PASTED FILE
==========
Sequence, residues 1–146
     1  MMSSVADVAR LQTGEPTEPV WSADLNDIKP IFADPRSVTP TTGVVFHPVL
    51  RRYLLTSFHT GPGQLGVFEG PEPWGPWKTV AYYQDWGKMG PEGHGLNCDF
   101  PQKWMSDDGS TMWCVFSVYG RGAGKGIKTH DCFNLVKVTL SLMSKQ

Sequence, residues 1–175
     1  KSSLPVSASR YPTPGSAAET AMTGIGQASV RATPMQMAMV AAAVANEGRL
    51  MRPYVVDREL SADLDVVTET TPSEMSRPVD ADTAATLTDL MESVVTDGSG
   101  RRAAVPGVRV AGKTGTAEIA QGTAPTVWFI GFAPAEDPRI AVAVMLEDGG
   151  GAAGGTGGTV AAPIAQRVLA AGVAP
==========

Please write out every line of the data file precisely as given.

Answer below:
Sequence, residues 1–146
     1  MMSSVADVAR LQTGEPTEPV WSADLNDIKP IFADPRSVTP TTGVVFHPVL
    51  RRYLLTSFHT GPGQLGVFEG PEPWGPWKTV AYYQDWGKMG PEGHGLNCDF
   101  PQKWMSDDGS TMWCVFSVYG RGAGKGIKTH DCFNLVKVTL SLMSKQ

Sequence, residues 1–175
     1  KSSLPVSASR YPTPGSAAET AMTGIGQASV RATPMQMAMV AAAVANEGRL
    51  MRPYVVDREL SADLDVVTET TPSEMSRPVD ADTAATLTDL MESVVTDGSG
   101  RRAAVPGVRV AGKTGTAEIA QGTAPTVWFI GFAPAEDPRI AVAVMLEDGG
   151  GAAGGTGGTV AAPIAQRVLA AGVAP